Saturday, December 15, 2007

Phragmites, buntings and rails

The feather-topped Phragmites reed is the mainstay of most of the shallow water wetlands, encouraging the bogbumpers (see last post), reed and sedge warblers and the elusive bearded tit. In the winter I tend to associate two other birds - the most visible being the reed bunting.
In winter the dramatic black head of the male fades - much like the brambling of a few posts ago,
and a couple of years ago the bird below caused me much excitement until I realised it was a reed bunting moulting into summer plumage rather than some kind of exotic relative!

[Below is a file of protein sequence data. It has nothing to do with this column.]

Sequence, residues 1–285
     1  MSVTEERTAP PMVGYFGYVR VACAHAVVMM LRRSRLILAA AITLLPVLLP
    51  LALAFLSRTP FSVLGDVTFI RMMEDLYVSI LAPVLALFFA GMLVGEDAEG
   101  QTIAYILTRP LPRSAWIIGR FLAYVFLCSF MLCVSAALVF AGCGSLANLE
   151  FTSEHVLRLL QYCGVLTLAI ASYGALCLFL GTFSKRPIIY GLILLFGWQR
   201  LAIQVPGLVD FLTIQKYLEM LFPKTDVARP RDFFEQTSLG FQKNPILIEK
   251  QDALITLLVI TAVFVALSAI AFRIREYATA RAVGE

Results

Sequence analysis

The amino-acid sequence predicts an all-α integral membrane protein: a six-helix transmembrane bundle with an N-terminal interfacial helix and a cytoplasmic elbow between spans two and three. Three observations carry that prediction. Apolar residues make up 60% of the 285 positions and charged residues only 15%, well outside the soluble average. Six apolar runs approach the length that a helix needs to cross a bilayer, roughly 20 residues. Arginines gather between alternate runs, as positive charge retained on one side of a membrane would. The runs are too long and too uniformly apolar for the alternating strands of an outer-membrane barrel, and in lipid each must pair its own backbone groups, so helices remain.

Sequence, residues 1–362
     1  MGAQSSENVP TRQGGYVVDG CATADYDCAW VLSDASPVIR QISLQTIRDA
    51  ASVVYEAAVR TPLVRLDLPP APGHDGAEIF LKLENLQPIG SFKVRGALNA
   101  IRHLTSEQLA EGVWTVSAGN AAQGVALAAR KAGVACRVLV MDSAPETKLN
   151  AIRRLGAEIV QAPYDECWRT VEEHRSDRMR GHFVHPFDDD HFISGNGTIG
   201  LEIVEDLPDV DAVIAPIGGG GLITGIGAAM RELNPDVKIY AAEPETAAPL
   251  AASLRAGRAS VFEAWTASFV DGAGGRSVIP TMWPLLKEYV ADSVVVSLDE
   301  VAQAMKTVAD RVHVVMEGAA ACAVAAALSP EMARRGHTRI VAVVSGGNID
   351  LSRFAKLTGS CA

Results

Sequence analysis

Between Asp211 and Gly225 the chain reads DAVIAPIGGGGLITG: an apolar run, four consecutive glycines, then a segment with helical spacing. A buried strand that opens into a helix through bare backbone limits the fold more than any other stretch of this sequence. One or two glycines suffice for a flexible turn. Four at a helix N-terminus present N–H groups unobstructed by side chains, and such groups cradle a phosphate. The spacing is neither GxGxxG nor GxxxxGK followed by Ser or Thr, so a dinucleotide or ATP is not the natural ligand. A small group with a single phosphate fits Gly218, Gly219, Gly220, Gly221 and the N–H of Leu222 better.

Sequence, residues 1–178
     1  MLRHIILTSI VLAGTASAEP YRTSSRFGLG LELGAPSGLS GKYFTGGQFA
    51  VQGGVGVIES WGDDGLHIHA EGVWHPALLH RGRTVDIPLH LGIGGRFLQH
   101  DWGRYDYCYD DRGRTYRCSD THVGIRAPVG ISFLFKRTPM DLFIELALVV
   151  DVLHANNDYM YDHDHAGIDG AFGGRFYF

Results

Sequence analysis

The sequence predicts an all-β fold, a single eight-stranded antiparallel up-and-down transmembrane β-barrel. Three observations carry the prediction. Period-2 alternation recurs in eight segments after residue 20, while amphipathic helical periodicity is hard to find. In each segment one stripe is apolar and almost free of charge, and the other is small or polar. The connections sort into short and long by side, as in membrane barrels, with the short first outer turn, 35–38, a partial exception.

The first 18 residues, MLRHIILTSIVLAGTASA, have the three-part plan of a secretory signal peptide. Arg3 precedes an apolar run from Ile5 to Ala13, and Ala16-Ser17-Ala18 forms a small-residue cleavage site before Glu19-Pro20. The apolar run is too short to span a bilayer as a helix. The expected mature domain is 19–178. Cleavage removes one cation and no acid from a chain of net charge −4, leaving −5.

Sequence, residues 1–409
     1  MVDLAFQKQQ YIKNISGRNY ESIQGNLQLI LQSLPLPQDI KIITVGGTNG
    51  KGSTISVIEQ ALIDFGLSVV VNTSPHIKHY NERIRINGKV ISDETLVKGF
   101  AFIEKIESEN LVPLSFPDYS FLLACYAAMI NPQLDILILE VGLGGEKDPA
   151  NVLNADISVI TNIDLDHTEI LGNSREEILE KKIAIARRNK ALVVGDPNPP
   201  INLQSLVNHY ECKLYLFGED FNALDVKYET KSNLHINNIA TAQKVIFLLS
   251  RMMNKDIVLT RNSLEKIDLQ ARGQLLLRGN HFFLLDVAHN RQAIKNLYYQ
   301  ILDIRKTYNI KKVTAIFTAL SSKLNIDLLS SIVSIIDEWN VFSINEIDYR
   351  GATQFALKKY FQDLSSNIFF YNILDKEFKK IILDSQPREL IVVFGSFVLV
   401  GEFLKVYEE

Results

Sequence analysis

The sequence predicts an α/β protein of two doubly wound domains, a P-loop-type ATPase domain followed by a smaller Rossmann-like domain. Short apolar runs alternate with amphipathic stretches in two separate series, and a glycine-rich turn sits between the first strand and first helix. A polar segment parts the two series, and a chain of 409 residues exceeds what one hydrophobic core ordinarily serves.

The other bird I tend to associate with phragmites is one I rarely see at my local wetlands patch, although as you walk around Newport wetlands the pig-like squeals seem to be heard all over the place. One of the hides at Potteric Carr holds a strong promise of seeing this shy bird, although sorties out of the reeds do tend to be quick dashes. Still, enough this time to get some better shots.
Kind of cute, eh? Again try clicking for a bigger view - if blogger is playing ball!

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